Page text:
Getting a C-Section, Pt. 2: The Weirdest Delivery Imaginable

To all those people who’ve said that a C-section is “easy,” I have one thing to say in response: sure, I may not have pushed a baby out of my birth canal, but getting a C-section has undoubtedly been one of the most surreal and hardest experiences of my life.

People would ask me about my C-section, if I felt any pain, if I were conscious, how the surgery progressed and felt. And all I could say in response was: it felt sterile and all too medical.

But, before I talk about my operation, I think it’s important to share how I felt in the few days leading up to Tadashi’s birth…

As I wrote about before, we found out the baby was in breech at the 32-week mark. I scheduled my surgery on August 16th — two days before his due date. But, leading up to the procedure, there were some hard emotional truths I had to grapple with. I found myself mourning the fact that I would miss out on experiencing labor. I feared any potential complications. I worried that the C-section would be traumatizing to the baby…

In my last days of pregnancy, I tried my best to let my worries go and to focus on other, more lighthearted things: Reggie and I tried to distract ourselves and enjoy our last few days as a family of two with dinners out, trips to the movie theater… We even bought tickets to visit The Color Factory in San Francisco the Friday before my scheduled surgery…

But one week before my due date, those plans (unsurprisingly) fell apart: after a dinner out at Buffalo Wild Wings and a very heated phone argument with some relatives, I went into labor.

My labor progressed fairly quickly. After calling the labor and delivery nurse at Kaiser Walnut Creek at around 10 p.m., they had me come into the hospital — then sent me home after inspecting me. Yes, I was in labor, the triage nurse confirmed. But my cervix wasn’t dilated at all. They assured me that, given that this was my first baby, my labor would progress very slowly and that I could simply labor at home until my contractions were closer together.

But in the 20-something minute drive from Walnut Creek to Dublin, my contractions quickened at an alarming rate. So Reggie turned me around, and I suddenly was preparing for surgery — and my baby’s imminent arrival.

Once I was in the operating room, Reggie was asked to step outside so they could insert my spinal tap. The aesthetician told me to relax since that would help him with inserting the needle into my spine.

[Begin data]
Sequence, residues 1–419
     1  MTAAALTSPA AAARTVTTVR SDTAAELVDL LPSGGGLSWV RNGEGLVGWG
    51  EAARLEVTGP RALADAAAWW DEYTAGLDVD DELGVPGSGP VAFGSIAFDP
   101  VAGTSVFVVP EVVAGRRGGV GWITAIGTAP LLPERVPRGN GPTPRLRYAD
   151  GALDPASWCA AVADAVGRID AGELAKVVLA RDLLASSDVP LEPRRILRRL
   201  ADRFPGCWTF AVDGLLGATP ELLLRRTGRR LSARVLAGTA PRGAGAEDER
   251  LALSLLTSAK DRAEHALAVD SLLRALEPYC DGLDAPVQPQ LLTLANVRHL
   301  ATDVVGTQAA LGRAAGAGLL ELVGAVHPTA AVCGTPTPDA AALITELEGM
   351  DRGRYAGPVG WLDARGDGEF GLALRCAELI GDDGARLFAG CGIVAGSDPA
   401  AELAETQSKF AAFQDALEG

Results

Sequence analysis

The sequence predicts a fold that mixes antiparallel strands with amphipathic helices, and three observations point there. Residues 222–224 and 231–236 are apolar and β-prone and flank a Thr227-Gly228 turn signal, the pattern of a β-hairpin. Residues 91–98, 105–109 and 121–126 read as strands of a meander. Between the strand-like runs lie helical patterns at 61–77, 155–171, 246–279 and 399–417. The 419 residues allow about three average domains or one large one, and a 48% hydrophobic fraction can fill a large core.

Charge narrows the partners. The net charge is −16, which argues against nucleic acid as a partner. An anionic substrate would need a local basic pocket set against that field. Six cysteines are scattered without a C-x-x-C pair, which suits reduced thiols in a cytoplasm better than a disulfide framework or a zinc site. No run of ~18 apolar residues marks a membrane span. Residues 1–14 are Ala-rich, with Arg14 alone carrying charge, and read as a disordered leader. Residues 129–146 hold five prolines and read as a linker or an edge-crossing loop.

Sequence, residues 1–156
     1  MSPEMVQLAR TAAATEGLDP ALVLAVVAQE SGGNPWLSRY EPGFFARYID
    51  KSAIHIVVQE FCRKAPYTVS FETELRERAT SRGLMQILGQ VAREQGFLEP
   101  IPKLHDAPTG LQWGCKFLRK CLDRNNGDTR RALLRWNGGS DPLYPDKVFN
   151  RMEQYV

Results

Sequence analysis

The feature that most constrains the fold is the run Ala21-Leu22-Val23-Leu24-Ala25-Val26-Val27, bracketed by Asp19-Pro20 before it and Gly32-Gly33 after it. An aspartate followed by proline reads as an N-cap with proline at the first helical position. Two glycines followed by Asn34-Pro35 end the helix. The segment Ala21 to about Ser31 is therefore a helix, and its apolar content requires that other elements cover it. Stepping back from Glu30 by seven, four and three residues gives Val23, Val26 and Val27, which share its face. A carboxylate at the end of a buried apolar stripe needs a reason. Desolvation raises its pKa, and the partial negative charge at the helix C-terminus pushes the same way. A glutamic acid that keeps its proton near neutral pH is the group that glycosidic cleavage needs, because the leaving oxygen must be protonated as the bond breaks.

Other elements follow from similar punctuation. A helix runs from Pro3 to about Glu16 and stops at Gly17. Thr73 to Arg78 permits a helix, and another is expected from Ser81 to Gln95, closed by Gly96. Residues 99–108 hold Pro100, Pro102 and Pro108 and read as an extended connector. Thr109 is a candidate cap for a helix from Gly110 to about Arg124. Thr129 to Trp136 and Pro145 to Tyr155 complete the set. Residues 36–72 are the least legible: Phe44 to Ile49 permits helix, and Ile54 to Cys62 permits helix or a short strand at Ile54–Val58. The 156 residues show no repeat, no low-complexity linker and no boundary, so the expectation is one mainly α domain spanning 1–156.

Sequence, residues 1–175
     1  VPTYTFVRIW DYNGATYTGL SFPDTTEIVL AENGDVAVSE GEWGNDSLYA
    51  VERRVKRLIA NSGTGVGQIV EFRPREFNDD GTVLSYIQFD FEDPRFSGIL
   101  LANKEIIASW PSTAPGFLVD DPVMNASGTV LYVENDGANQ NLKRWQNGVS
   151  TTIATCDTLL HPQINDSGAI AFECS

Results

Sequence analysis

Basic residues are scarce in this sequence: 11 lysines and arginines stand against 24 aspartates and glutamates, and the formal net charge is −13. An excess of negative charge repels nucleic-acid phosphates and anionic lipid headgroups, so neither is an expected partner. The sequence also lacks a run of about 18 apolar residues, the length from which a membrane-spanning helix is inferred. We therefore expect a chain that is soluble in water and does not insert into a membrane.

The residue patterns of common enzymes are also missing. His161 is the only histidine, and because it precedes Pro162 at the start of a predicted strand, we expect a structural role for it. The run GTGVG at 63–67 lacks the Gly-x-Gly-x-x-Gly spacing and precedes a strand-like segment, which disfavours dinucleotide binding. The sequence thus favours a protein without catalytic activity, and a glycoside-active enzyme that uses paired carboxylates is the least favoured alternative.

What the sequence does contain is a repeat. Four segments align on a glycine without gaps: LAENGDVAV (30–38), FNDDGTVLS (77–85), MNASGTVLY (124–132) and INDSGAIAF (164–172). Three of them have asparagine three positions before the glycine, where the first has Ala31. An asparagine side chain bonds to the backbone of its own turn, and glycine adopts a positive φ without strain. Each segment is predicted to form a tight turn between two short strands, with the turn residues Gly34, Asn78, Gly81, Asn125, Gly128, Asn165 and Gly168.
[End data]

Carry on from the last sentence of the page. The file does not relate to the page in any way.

But I couldn’t.

My contractions were so frequent and so intense, even though the nurse had given me hormones intravenously to slow down my labor. And I felt so alone, surrounded by gloved and scrubbed strangers, without my husband beside me, in a too-bright, sterile white room.

After nearly 30 minutes, my spinal tap was finally inserted, and the nurses lied me down on the operating table. They began to pop up the surgical dressings while all feeling in my legs disappeared. Reggie finally returned to the room, and the surgeon started to prepare to cut open my abdomen…


And that’s when it hit me. Strapped to the operating table, shivering uncontrollably with an oxygen tube in my nose, I realized: this is how I was going to bring my son into the world. Not through physical exertion and my body’s effort, but surrounded by surgeons and with a sheet shielding his first view of his parents.

People had always told me how magical childbirth would be. How there was beauty in the pain, an inherent and vastly intimate bonding in the laboring.

But my experience wasn’t like that at all. It was filled with beeps and surgical masks and the cold clink of surgical tools. It was as sterile (literally and figuratively) as possible, and it broke my heart. I couldn’t even feel my legs; how could I feel like this was a magical experience?

And as I felt the slight pressure in my abdomen as the doctor and surgical assistant prepared to lift my son into the world, I started to weep.

After that, it was all a blur. Reggie told me that Tadashi was here, but my mind and my heart were somewhere else. Through my tears, I was just lying prostrate, waiting for someone to set my strapped down arms free and give me my son.

But they couldn’t even do that. Because they needed to make sure he was responsive. And then they proceeded to clean him up and take his measurements. And Reggie impatiently asked when they would hand the baby to his wife, while those precious moments immediately after birth for skin-to-skin contact slipped away…

I just lied there. Completely still, unable to move. Present, but not truly a participant in the experience. Yearning to hold my baby, but also so afraid. Because I brought my baby into the world in the weirdest way possible. I didn’t labor for him. I wasn’t able to hold him as soon as he entered the world. And I just felt, so sincerely, even after I clutched his tiny body to my naked breast, that I already failed my son.


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